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At Your Service

March 7, 2003 By

Like many local governments, New York City's budget is a mess. Most departments made significant cuts, and many IT projects are at a standstill. But one IT initiative continues to move forward with the full blessing of Mayor Michael Bloomberg.

The city is replacing nearly 40 call centers with a new 311 phone system that will provide a single point of contact for any city service citizens require. The estimated cost for the new system is as high as $90 million, making it one of the most expensive ? and comprehensive ? 311 projects undertaken at the state and local level.

The 311 system is powered by customer relationship management (CRM) technology, which involves a host of software tools and IT infrastructures that help government reorganize its services around citizen needs. CRM does this by allowing citizens to contact government through a variety of channels ? including the phone and via the Web ? and to receive responses either live or electronically.

The private sector has used CRM for nearly a decade; when implemented successfully, it transforms how customers interact with a business or retailer and how that business responds to customer needs. The results can be significant. Not only does customer service improve, but CRM also increases worker productivity and decreases customer-service costs, sometimes dramatically.

Now government hopes CRM will have the same impact: transforming citizen service from an antiquated, less than stellar operation ? where one size fits all ? into a cost-effective service tailored to meet unique needs of different customers.

When New York City announced plans to overhaul its phone system, Bloomberg addressed that hope. "By introducing the 311 phone system, the city will end the frustrating bureaucracy New Yorkers encounter when they need help," he said. "I am confident the new 311 system will vastly improve the way that New York City government functions."

Popularity Picks Up

New York City is not alone in pushing forward with a CRM solution in the face of budget shortfalls. A growing number of state and local governments see CRM as a solution with a double advantage: boosting service delivery while trimming costs.

"We're seeing more activity now compared to last year," said Graeme Somerville, vice president for sales and marketing at Knexa Solutions Inc., whose SuiteResponse CRM product has been deployed in a number of local governments and municipal utilities. While the present fiscal climate has put a number of projects on the shelf, Somerville sees enough activity to indicate state and local governments remain strongly interested in pursuing various types of CRM solutions.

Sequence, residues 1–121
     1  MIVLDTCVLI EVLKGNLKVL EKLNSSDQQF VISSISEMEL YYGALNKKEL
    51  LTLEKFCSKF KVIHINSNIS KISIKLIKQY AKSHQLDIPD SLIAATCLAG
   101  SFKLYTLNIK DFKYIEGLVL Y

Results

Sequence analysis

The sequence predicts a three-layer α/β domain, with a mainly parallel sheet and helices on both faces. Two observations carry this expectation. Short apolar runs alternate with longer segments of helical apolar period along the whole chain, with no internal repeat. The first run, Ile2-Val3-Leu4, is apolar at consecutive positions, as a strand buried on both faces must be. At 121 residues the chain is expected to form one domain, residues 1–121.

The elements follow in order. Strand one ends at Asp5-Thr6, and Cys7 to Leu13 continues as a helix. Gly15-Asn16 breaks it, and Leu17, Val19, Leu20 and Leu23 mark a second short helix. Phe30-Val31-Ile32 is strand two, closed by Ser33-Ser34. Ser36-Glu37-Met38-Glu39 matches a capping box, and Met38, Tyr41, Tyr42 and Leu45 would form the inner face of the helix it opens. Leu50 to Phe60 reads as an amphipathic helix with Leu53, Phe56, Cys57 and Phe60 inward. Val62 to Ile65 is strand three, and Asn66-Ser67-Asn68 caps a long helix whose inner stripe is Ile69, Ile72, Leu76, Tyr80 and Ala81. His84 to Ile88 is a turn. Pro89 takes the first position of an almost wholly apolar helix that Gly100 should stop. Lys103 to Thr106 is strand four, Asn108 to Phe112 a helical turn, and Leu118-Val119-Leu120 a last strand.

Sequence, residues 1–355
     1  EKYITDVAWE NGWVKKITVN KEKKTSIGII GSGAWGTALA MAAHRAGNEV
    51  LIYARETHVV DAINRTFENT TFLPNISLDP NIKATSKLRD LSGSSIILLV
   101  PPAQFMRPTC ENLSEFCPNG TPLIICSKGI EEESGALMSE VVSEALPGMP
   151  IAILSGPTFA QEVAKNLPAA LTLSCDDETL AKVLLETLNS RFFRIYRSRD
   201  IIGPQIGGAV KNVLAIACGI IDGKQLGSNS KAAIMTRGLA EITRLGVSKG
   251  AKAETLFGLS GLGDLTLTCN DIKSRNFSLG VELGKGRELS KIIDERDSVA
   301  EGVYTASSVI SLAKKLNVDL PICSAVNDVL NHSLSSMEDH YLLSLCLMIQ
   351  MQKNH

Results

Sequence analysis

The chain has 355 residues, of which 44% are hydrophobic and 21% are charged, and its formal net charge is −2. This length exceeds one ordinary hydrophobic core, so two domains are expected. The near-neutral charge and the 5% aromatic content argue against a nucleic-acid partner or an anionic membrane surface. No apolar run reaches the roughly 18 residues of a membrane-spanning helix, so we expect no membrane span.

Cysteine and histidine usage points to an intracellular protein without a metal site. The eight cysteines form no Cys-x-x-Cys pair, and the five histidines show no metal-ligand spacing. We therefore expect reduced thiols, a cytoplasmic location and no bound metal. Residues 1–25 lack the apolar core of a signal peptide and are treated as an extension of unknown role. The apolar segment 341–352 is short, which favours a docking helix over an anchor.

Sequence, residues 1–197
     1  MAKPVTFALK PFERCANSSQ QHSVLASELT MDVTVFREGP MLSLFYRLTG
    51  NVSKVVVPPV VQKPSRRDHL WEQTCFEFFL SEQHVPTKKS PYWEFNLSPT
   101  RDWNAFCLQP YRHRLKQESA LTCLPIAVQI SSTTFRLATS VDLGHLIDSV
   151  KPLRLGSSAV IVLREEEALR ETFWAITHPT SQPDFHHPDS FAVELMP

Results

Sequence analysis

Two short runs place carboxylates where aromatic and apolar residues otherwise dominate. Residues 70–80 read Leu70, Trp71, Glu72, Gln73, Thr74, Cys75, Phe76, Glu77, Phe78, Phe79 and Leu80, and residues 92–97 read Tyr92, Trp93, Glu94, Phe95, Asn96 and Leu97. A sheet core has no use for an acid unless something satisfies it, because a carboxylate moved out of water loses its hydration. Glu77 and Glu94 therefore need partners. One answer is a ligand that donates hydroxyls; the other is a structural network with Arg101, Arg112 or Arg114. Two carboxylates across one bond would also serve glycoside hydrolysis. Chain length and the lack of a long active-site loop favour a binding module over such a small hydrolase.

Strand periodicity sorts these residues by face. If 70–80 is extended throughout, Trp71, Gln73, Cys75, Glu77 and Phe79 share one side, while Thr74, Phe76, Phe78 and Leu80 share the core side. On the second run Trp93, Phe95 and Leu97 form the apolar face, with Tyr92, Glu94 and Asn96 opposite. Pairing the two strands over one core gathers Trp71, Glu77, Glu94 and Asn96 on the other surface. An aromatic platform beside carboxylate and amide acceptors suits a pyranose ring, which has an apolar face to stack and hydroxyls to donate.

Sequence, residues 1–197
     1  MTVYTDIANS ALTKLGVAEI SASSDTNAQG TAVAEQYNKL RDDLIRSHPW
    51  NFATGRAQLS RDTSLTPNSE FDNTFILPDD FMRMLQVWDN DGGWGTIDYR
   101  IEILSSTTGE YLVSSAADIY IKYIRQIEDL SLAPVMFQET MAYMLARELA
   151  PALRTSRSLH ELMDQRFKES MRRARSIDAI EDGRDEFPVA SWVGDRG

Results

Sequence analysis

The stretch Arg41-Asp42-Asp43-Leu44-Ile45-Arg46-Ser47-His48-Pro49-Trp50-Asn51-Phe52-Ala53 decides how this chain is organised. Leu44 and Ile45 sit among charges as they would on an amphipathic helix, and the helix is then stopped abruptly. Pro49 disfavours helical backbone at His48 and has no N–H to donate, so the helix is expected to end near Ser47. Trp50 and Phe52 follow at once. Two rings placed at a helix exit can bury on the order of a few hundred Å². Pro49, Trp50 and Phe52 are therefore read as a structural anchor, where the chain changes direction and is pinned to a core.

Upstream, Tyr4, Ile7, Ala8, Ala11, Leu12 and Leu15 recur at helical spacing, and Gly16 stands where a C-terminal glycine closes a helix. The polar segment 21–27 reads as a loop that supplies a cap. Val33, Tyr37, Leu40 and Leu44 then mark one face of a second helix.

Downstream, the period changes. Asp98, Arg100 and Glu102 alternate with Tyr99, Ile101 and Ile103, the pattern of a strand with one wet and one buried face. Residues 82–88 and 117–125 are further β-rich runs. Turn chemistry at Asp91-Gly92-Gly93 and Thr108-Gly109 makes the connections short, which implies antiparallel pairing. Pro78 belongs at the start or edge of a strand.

The public sector is interested in CRM for a number of reasons, according to Craig Cornelius, a partner in the U.S. government practice of Accenture, a technology consulting firm involved in public-sector CRM projects worldwide.

He cited government's growing recognition that citizens are customers; that equal access to phone, Internet and in-person services for citizens is mandated; and that the desire to reduce service-delivery costs through technology solutions has been strengthened in today's weak economy.

One of the biggest drivers for CRM is that the technology is better than ever.

"CRM is evolving much faster in government than it did in the private sector because of the technology," he said. Ten years ago, CRM consisted of a series of "point" solutions for sales force automation, field service support and call centers.

"But it was hard to integrate all of those applications with other relevant products and end up with a multichannel solution," Cornelius said. "Now, all that's been done, and it's available for the public sector."

As an example, Cornelius pointed to the alliance Accenture forged with Siebel Systems to use Seibel's CRM software in Accenture's public-sector projects. In state government, CRM has been used by revenue, professional licensing, the DMV and unemployment agencies.

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